In the US, professional breeders breed Greyhounds for racing. In the past, greyhounds were often euthanized and disposed of once their racing careers were over. For a greyhound who was not a good racer, this could mean a very short life. Today, more greyhounds are being put up for adoption at the end of their racing career, thanks to the number of rescues dedicated to the breed. If you are considering adopting a retired greyhound, you should know some things beforehand.

Retired greyhounds make excellent pets. Bred for racing and their temperament, greyhounds are gentle, laid-back dogs. A retired greyhound is happy to spend the rest of his life being a couch potato. They are adaptable to most any living condition. Greyhounds are one of the few large breeds of dogs that are actually great for apartment dwellers. This is due to their easy-going nature. Greyhounds respond well to training. Most are already housebroken before they are put up for adoption. They usually don’t bark a lot.

You may think that greyhounds require a lot of exercise since they are used to racing. This is not usually the case. Greyhounds are built for speed, meaning that they are sprinters, not marathon runners. During their racing careers, they usually only raced once or twice a week. A fenced yard that your greyhound can run in is ideal, but if you don’t have a fenced yard, a daily walk and a chance to run off-leash once a week is usually sufficient. When walking your greyhound, never use a retractable leash. Since greyhounds are sprinters, they are capable of reaching high speed in a very short distance. A greyhound on a retractable leash could actually break their neck when they reach the end of the leash and are jerked back. There are leashes specifically for greyhounds, made at the right length for your greyhound to walk right by your side.

For the most part, greyhounds get along great with children and other pets. Some, however, may see cats or other small animals as prey and therefore would not do well in a home with small animals. They may also be more apt to want to chase cats or squirrels when out for a walk. If this is a concern for you, be sure to adopt a greyhound who has been deemed “cat friendly” by the rescue.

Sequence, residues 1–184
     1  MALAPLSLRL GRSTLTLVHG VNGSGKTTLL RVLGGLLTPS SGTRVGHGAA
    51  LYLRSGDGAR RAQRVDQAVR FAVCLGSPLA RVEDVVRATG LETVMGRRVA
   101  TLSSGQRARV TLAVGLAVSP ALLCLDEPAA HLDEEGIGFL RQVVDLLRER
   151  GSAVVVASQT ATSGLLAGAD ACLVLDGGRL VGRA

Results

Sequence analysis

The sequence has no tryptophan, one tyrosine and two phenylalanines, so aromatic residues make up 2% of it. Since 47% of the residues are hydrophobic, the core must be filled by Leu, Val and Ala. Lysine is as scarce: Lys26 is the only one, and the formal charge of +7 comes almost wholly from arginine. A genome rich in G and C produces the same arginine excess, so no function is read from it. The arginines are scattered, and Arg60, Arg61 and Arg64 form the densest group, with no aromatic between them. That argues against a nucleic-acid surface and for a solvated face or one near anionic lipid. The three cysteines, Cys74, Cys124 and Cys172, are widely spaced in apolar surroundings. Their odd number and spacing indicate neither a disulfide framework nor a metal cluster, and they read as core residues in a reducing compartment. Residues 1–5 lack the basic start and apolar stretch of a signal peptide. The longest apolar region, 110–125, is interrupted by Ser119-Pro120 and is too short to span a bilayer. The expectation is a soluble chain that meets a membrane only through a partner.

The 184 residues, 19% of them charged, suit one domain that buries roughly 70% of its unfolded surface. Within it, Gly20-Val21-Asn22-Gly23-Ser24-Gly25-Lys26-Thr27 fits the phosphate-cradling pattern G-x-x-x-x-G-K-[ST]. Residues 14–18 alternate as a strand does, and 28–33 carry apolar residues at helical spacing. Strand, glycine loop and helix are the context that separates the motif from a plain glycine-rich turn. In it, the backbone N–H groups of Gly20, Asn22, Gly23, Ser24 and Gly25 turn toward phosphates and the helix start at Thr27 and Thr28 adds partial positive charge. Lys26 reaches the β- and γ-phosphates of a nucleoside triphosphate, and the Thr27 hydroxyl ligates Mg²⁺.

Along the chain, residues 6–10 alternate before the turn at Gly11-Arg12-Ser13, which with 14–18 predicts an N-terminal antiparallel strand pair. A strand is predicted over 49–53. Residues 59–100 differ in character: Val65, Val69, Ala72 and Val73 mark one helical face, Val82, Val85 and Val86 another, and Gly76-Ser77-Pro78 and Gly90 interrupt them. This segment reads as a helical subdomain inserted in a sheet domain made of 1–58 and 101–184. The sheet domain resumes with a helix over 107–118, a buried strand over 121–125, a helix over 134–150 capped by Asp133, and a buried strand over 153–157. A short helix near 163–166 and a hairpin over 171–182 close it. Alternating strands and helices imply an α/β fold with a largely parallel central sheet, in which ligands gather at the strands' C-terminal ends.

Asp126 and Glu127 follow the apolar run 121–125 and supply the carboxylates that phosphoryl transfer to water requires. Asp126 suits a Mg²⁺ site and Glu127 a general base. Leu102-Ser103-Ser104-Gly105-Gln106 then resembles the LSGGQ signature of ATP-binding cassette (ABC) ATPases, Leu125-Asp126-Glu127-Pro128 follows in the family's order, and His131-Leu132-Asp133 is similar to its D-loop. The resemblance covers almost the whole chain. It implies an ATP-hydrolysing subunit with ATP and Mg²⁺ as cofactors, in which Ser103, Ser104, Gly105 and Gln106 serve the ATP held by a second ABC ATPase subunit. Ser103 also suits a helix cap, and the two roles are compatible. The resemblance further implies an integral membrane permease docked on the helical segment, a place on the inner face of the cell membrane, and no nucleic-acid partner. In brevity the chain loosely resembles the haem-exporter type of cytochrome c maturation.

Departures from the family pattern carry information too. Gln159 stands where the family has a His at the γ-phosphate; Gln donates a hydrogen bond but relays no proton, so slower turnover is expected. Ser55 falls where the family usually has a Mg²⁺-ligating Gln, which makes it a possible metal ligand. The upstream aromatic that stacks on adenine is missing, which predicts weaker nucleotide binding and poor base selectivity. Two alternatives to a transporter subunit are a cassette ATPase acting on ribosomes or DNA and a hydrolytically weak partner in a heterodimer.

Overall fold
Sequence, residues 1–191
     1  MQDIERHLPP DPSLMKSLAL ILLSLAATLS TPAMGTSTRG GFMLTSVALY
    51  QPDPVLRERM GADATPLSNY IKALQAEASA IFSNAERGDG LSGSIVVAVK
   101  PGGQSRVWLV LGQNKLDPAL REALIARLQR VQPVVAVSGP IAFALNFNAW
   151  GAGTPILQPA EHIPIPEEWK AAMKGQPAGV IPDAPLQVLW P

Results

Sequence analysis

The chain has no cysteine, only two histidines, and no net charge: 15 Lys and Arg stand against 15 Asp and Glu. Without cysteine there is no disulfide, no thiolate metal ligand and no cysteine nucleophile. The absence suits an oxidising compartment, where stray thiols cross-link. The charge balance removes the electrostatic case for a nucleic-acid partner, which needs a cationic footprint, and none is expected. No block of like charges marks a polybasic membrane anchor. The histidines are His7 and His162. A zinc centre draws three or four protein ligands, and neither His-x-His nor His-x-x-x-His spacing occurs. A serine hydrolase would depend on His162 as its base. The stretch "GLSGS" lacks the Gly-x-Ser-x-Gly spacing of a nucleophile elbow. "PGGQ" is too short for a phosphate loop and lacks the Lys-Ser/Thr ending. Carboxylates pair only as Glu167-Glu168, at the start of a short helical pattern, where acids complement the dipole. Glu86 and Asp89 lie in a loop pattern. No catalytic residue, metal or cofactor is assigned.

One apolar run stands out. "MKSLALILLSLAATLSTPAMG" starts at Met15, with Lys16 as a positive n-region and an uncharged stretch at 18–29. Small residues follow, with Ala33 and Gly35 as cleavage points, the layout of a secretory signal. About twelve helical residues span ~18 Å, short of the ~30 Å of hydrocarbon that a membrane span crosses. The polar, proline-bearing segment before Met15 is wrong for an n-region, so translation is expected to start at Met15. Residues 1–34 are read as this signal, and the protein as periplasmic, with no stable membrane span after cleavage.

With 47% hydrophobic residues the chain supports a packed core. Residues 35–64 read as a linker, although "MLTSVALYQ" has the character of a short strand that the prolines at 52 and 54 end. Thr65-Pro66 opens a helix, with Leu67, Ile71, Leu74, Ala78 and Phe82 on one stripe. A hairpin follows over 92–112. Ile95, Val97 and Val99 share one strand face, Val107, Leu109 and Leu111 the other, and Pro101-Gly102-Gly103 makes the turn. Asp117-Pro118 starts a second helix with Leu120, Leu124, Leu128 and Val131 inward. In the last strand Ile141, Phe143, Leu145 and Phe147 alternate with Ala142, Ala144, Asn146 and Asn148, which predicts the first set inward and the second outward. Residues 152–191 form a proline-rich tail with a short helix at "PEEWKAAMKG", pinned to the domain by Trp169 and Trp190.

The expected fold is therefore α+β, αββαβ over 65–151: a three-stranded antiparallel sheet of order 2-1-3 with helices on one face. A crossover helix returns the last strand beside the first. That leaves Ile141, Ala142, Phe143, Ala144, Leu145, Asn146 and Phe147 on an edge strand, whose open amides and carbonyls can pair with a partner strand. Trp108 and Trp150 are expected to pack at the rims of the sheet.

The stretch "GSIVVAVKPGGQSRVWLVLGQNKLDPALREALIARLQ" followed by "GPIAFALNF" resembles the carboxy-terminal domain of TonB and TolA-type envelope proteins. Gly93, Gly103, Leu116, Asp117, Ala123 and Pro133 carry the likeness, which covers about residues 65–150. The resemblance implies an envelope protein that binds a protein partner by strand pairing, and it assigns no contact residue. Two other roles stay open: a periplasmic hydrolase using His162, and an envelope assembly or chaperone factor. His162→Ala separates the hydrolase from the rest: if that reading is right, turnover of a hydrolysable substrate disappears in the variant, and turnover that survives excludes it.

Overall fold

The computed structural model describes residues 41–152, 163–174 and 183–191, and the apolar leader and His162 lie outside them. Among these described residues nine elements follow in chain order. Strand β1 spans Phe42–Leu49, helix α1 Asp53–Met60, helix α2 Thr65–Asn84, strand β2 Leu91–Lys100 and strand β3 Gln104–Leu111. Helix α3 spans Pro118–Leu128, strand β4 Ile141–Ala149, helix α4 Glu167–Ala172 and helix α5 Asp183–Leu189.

Greyhounds require very little grooming. An occasional bath is usually sufficient to keep their coat in good shape. A greyhound’s dental health is usually ignored during their career as a racer. Therefore, they may need to have a good dental cleaning when you adopt them if the rescue group has not already done so. It is important to keep them on a regular dental care routine. Even so, some greyhounds may have chronic bad breath.

Greyhounds suffer from very few of the hereditary diseases common in other dogs of their size. Because of this, they have a longer lifespan than other breeds of their size. They often live beyond 12 years of age.

According to greyhound owners, they are about as close to perfect as a dog can get. They are calm, friendly, adapt to any living situation, easily trained, require little grooming, and suffer few major health issues. If there is anything bad to be said about owning a greyhound, it is that they are like potato chips; you can’t have just one. Many people who adopt one greyhound end up adopting a second (or third), which is not necessarily a bad thing.

For more information, visit Adopt a Greyhound (http://www.adopt-a-greyhound.org/).

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